These games were fiercely contested by players and spectators alike, the stadium was usually filled to capacity and was an automatic Saturday evening draw for many of the troops.
In the 1953/54 season the Combined Services narrowly lost the series by three games to two, this was one of the most successful performances by the Combined Services in the history of the competition.
GFA versus visiting European teams
These are some of the professional teams that visited Gibraltar:
- From Spain: Real Madrid, Atletico Madrid, Real Valiolid
- From Yugoslavia: Hadjuk Split, Beogradski Red Star
- From Sweden: Jonkopings, Degafors
- From Austria: Wacker
Teams from the UK also visited, including an RAF eleven that included five established British Internationals and a Bomber Command select eleven. Against these senior professional teams the GFA did well, including a notable 2-2 draw against Real Madrid and a win against the RAF and Jonkopings
Rock Select VI versus European teams
Some of the visiting European teams were also pitched against a Rock Select VI. These included Hadjuk Split, Jonkopings, Beogradski and Whacker.
Both Faber Dewar and Trevor Sidaway were selected for some of these games and a number of other military personnel were picked to play, these included: Charlie Twissell/Navy, Duncan/RAF and McMahon/Army.
The end of the GFA’s Golden Years
Spain places an embargo on Spanish Clubs playing in Gibraltar.
Steve Menary in his book “OUTCASTS! the lands that FIFA forgot” writes;
The 1950’s were to be turbulent times for Spain and Gibraltar. In 1956, Spain granted independence to its territories in Morocco, but, crucially, retained two enclaves on Moroccan soil in Ceuta and Melilla - a distinct parallel with Gibraltar but not oneseemingly apparentin Spanish political circles.
The previous year, Spain’s Delegacion Nacional de Deportes had decided that all Spanish Sports Clubs needed written permission to play in Gibraltar. Teams without this permission were turned back at the border, including Real Madrid, Valencia and Sevilla - and so started what many in Gibraltar see as the slow death of football in the colony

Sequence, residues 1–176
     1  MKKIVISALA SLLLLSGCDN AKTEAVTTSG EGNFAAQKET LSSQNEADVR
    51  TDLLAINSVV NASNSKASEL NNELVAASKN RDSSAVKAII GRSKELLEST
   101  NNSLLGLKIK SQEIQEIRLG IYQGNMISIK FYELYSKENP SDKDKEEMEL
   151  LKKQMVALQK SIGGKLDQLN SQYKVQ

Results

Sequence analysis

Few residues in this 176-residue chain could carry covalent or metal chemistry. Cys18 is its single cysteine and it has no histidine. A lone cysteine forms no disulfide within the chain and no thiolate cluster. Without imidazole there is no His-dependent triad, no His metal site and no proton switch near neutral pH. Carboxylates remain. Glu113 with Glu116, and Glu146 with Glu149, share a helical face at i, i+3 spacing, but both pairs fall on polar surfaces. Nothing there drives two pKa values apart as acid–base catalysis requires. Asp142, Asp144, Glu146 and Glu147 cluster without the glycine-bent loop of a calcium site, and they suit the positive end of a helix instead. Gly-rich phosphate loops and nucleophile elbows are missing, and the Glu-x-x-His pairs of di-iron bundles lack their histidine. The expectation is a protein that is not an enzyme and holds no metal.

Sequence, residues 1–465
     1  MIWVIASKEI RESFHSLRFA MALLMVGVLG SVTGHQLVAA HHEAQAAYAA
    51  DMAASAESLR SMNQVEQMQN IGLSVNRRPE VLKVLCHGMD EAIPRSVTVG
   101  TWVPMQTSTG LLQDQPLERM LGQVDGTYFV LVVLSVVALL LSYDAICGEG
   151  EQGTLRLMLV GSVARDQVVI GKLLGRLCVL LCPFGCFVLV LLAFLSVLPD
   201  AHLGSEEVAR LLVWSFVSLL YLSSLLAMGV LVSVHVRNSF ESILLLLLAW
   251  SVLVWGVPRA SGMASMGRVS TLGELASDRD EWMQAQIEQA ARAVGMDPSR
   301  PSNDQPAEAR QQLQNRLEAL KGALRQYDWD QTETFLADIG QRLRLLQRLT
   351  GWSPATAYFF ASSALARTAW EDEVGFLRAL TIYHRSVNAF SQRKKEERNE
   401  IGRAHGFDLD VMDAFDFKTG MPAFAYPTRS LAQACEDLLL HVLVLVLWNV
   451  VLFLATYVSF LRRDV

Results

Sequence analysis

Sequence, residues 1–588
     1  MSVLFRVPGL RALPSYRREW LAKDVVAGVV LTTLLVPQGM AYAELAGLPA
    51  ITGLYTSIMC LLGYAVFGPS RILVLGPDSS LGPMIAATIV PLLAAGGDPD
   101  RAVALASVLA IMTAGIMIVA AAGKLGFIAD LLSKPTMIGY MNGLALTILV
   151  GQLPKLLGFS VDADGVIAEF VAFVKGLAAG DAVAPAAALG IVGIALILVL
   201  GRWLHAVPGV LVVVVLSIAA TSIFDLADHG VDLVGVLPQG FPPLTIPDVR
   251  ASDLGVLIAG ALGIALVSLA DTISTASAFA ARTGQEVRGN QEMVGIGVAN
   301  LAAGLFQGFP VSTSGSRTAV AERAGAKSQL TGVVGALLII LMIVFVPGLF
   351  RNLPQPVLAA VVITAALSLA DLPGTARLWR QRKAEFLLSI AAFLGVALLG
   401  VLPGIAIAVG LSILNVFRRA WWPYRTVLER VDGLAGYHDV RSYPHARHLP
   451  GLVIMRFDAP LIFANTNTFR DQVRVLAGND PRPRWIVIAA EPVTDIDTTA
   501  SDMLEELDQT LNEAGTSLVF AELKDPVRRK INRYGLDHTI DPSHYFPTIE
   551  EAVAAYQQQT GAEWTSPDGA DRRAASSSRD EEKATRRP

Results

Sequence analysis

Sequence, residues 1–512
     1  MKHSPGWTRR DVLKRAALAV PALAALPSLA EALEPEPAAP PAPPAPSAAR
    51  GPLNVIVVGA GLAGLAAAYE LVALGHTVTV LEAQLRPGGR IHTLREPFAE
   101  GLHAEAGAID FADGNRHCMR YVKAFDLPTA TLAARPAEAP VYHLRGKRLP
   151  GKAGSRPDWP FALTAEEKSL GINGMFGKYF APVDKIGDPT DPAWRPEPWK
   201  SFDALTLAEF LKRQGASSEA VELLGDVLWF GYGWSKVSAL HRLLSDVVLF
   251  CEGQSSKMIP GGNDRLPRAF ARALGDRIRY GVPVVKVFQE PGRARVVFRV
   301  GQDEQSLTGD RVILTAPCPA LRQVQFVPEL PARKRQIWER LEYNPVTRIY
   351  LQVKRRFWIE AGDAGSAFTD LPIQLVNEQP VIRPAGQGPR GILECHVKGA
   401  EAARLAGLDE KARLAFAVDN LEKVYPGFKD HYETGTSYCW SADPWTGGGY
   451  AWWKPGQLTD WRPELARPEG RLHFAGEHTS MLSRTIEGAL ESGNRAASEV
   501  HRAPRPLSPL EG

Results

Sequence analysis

This decision by Spain was the beginning of the end of the era when top European teams were being drawn to play in Gibraltar and in 1960 National Service was ended in the UK meaning that the number of Military based there fell from several thousand to a few hundred.
This added to the dilution of competitive representative games and a growing lack of interest by the average Gibraltarian.
Spain however places no restriction on those Gibraltarians who have the necessary skills to play at a professional level in Spain. These talented players, for one reason or another, rarely turn out for their “International” side, again reducing the potency of the GFA.
On the 24th May 2013 UEFA Congress unanimously voted in Gibraltar as the 54th member of the UEFA European Football Family. A battle that began way back in 1997 was finally won and the Gibraltar Football Association finally received the international recognition, at European Governing Body level that it had been searching for for many years.
Gibraltar’s International teams of all ages, Women’s Football and Futsal now compete in recognised UEFA tournaments as do our Clubs who now Qualify in their own right for relevant European Club Competitions based on their performances in Domestic Tournaments.
Gibraltar Played its first ever recognised international at the Estadio Algarve (Faro/Loule, Portugal) drawing 0-0 with Slovakia. Since then the National Team has gone on to record its first ever victory a 1-0 win over Malta, again in the Estadio Algarve.
In July 2014 the Champions League and Europa League finally came to Gibraltar with Lincoln Red Imps and College Europa becoming Gibraltar’s first ever representatives in these tournaments.
The Gibraltar FA also organised its first ever international Women’s Development tournament in July 2014 with teams from the Algarve FA, Luxembourg and Andorra taking part. Futsal has also seen international competition too as well as clubs competing in the relevant Futsal European Club competitions.